ARCHAEOLOGICAL AND ENVIRONMENTAL CHANGES BETWEEN 9500 BP AND 4500 BP: A CONTRIBUTION FROM THE SAHARA TO UNDERSTAND EXPANDING DROUGHTS IN THE “GREAT MEDITERRANEAN”

E. A.A. Garcea, A. M. Mercuri, C. Giraudi

Abstract


The Sahara is more connected to the Mediterranean than often assumed and palynology, in particular, has provided evidence of past interrelations between the Mediterranean and the Sahara with pollen spectra from prehistoric Saharan deposits including Mediterranean taxa. In order to show human-environment relationships and populations’ strategies in response to changing environments, this paper presents a case study from the southern Sahara. This region offered a natural laboratory for the study of human/climate interaction as the range of environmental change extended from flood to drought, forcing people to cope with periodic environmental instability. When the tropical rainfall belt migrated northward, watertable outcropped in interdunal depressions and formed permanent lakes, which alternated with severe arid spells. As a case study, this paper presents the results of interdisciplinary investigations on climate changes, human adaptations and subsistence strategies at Gobero, in the southern Sahara of Niger. Gobero is a restricted archaeological area comprising 8 sites that surround the shores of a palaeolake. It was intermittently occupied between about 9500 cal years BP and 4500 BP. Due to alternating environmental conditions it could only be occupied at the beginning and at the end of the most humid periods.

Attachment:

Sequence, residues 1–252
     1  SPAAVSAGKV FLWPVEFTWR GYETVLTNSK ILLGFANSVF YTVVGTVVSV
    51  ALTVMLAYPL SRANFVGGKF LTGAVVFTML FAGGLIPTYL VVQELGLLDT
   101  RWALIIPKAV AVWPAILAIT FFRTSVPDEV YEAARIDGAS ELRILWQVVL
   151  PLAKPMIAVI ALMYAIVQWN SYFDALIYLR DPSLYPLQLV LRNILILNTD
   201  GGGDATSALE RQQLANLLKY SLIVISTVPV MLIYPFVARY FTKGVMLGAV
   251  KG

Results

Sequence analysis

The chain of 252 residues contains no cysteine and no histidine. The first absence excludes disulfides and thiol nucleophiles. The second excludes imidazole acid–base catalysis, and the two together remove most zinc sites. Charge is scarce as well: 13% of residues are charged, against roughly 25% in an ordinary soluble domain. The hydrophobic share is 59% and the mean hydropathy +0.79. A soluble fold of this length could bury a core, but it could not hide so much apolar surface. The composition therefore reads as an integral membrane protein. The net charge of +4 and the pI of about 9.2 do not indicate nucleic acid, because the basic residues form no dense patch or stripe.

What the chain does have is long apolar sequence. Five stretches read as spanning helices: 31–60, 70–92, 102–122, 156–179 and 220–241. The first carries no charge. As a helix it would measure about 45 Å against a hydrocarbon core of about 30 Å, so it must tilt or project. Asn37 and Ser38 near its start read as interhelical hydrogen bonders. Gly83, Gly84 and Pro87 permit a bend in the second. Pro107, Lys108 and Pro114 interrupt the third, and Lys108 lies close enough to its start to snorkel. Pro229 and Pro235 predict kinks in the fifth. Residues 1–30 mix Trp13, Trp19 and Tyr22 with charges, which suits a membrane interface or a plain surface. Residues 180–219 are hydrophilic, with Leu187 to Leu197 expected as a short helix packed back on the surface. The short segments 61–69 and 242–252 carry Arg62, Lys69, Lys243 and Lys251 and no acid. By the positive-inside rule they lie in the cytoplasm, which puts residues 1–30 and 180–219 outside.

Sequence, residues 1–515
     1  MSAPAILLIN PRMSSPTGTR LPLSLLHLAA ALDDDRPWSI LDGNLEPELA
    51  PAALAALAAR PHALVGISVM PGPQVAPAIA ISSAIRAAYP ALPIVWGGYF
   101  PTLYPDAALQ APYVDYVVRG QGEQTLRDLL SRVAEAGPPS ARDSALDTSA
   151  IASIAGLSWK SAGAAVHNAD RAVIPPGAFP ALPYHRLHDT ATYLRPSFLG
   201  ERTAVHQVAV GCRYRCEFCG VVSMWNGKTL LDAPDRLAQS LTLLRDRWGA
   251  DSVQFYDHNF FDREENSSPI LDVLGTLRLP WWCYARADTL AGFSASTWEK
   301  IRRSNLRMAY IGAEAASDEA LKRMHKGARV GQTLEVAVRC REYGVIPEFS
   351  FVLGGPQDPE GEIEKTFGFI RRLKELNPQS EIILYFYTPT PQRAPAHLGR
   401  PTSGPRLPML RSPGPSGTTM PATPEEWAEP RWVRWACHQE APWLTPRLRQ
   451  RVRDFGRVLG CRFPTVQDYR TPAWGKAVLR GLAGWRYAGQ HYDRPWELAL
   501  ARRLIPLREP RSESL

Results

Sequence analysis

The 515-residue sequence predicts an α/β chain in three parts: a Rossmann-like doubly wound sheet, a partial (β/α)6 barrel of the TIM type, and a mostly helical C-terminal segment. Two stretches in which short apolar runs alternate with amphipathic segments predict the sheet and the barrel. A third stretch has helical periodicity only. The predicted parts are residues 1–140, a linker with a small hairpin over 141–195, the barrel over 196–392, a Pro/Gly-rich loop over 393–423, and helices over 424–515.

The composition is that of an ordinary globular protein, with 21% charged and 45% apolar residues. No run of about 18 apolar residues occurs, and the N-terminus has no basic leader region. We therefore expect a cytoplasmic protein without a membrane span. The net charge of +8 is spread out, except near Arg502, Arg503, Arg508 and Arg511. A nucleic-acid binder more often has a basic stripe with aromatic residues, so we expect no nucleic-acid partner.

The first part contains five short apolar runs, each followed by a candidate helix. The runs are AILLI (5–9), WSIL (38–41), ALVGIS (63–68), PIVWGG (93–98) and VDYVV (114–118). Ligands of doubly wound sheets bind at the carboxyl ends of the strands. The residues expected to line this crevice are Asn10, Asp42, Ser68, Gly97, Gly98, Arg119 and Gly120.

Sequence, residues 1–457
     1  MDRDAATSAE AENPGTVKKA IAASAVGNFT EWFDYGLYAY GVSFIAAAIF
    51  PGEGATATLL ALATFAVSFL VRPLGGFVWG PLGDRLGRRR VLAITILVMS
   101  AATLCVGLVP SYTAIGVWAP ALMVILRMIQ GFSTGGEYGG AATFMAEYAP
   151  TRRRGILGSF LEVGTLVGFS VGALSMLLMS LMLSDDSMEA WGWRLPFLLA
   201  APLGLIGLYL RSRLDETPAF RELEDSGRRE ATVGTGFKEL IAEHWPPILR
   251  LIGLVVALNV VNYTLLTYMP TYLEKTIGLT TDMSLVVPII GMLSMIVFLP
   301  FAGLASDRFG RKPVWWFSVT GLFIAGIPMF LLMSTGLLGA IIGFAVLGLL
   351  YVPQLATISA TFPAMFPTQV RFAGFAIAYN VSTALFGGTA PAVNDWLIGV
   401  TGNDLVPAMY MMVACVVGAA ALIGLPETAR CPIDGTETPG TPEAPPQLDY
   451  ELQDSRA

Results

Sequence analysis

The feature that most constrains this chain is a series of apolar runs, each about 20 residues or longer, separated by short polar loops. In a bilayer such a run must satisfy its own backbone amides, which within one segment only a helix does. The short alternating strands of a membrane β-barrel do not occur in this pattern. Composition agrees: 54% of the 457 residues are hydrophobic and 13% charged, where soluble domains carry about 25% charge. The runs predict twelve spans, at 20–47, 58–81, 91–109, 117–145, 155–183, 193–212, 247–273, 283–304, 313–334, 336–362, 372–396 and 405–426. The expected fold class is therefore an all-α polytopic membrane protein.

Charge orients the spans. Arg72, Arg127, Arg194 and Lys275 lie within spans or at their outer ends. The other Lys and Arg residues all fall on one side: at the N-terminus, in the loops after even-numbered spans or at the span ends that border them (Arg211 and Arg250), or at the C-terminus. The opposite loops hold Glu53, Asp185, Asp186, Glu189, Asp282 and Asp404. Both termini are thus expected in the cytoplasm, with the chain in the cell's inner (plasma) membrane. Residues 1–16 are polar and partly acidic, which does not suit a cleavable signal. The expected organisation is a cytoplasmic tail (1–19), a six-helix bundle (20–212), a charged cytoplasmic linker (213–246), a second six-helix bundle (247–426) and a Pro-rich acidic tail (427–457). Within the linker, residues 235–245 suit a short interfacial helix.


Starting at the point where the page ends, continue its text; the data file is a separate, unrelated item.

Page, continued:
Keywords


Archaeology; Gobero; Pollen; Palaeoclimate; Southern Sahara

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DOI: https://doi.org/10.4462/annbotrm-10270

Annali di Botanica is published by the Department of Environmental Biology - University La Sapienza of Rome, Italy. The journal is printed by Sapienza Università di Roma - Centro Stampa Università.

ISSN: 2239-3129